Winners of the 25th Human Rights Press Awards called on the Hong Kong government to stop obstructing the work of frontline journalists. The joint statement on Thursday came just hours after they claimed the prestigious prizes.
“The dramatic change in the political climate has led to fears of human rights regression. The press is now experiencing unprecedented turbulence,” said the winners, drawing attention to the dire situation of press freedom in the city.
Apple Daily received three awards for its coverage of the COVID-19 pandemic in Wuhan, the enactment of Beijing’s national security law for Hong Kong and police’s role in the escape of the 12 Hongkongers, who were arrested by Chinese coastguards at sea. The annual event is jointly organized by The Foreign Correspondents’ Club Hong Kong, Amnesty International Hong Kong and the Hong Kong Journalists Association.
The winners noted that Hong Kong has fallen to a historic low on the Reporters Without Borders Press Freedom Index, from 18 out of 180 countries and regions in 2002 to 80 in 2021. The authorities have also conducted massive raids on news organizations including Apple Daily and tightened the definition of “media representative”, limiting the rights of journalists to report.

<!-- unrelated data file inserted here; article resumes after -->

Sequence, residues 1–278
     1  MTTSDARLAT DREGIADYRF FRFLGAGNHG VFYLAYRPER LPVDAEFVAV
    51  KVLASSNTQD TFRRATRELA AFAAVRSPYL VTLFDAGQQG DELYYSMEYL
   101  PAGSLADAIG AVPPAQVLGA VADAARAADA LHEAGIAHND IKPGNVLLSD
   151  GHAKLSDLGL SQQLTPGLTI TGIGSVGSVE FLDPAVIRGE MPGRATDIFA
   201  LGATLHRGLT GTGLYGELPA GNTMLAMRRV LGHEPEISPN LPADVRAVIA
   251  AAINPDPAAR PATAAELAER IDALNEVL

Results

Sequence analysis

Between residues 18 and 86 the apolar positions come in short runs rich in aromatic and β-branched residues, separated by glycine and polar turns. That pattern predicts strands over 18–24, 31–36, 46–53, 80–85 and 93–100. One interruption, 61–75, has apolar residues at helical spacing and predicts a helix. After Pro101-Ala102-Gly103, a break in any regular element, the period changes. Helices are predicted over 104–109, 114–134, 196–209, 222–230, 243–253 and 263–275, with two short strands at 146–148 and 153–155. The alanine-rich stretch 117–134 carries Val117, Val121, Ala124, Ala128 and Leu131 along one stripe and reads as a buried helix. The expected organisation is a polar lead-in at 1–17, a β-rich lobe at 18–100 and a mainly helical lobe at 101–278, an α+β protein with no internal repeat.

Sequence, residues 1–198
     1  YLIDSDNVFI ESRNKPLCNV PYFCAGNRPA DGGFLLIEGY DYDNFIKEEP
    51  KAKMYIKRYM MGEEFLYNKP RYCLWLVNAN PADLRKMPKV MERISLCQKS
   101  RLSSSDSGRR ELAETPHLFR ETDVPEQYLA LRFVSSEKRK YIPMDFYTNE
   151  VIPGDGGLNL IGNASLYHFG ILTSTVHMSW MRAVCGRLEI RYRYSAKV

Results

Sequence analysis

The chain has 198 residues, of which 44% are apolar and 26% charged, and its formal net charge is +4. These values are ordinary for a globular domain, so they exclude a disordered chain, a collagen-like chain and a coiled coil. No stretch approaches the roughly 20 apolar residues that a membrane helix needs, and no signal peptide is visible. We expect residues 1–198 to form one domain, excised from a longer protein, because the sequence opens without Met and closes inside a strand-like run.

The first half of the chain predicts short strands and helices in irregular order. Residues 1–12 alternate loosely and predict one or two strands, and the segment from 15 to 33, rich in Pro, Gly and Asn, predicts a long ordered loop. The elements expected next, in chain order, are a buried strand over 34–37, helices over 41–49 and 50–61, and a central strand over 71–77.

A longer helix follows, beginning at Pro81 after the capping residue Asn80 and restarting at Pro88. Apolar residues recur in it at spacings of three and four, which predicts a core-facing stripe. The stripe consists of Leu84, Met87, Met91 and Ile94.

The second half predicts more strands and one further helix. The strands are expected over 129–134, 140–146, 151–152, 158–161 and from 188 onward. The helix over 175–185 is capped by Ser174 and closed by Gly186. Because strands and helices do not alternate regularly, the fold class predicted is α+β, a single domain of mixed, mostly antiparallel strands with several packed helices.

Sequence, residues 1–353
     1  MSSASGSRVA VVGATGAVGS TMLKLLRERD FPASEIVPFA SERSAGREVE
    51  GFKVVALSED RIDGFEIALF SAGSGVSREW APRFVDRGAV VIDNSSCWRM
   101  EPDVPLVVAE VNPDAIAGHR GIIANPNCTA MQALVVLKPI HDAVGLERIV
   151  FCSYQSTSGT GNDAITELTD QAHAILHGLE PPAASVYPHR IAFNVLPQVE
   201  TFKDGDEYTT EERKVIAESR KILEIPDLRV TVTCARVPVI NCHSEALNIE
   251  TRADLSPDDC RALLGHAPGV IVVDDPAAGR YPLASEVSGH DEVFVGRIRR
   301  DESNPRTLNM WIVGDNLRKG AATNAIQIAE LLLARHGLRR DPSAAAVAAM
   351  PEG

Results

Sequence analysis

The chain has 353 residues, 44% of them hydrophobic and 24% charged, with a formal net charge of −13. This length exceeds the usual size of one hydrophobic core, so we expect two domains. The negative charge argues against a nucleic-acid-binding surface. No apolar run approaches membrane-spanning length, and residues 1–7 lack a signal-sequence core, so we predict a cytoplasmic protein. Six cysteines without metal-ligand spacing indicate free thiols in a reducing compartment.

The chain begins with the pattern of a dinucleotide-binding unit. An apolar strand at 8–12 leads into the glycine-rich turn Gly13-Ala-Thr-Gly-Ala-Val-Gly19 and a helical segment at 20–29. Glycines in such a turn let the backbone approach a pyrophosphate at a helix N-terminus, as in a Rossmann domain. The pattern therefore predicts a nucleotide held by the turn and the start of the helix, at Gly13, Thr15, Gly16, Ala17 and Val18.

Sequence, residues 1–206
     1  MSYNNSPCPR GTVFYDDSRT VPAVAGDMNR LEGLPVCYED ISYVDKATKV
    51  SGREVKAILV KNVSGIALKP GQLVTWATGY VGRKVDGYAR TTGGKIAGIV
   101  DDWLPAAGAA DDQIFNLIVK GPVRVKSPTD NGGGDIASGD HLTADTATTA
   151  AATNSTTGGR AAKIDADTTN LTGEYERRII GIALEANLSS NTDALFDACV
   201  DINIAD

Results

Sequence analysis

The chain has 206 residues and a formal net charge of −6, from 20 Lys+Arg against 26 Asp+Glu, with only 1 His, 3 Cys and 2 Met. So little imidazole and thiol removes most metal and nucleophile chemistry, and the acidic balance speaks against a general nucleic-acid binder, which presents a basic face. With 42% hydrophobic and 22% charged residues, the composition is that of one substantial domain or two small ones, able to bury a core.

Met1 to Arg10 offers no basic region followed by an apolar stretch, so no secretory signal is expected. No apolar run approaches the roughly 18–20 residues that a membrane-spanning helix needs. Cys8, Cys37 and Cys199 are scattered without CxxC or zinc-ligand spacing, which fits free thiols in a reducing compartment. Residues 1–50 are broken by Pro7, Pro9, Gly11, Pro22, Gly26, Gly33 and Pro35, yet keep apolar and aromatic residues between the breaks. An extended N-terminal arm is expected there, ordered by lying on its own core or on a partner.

In another alarming turn of events, the authorities have recently accused some reports of “sedition” and are mulling laws against “fake news” in a bid to further erase voices of dissent.
They also noted that Bao Choy, among a winning team that revealed police misconduct in a documentary on July 21 Yuen Long attack, was convicted and fined over her investigation work. While another journalist, Nabela Qoser, who was among the awardees, was axed by RTHK after delivering hard-hitting questions at Chief Executive Carrie Lam. Besides withdrawing from the awards, the public broadcaster also deleted archives from YouTube and dropped programs and episodes it deemed sensitive.
“All these moves not only threaten freedom but also create fear. With fear comes worsening self-censorship, hence, weakening the public’s right to know and monitor,” the reporters wrote.
Hitting back at officials’ claim that journalists should have no privilege, they noted that Hong Kong’s mini-constitution and legal provisions endowed journalists with special status. “It is the role of the fourth estate to monitor those in power on behalf of the public that entitles the press to different treatments. The press is granted ‘protection’ rather than ‘privilege’,” they stressed.
“With a pen in hand and the truth in our hearts, may the freedom from fear and favor prevail,” they concluded.
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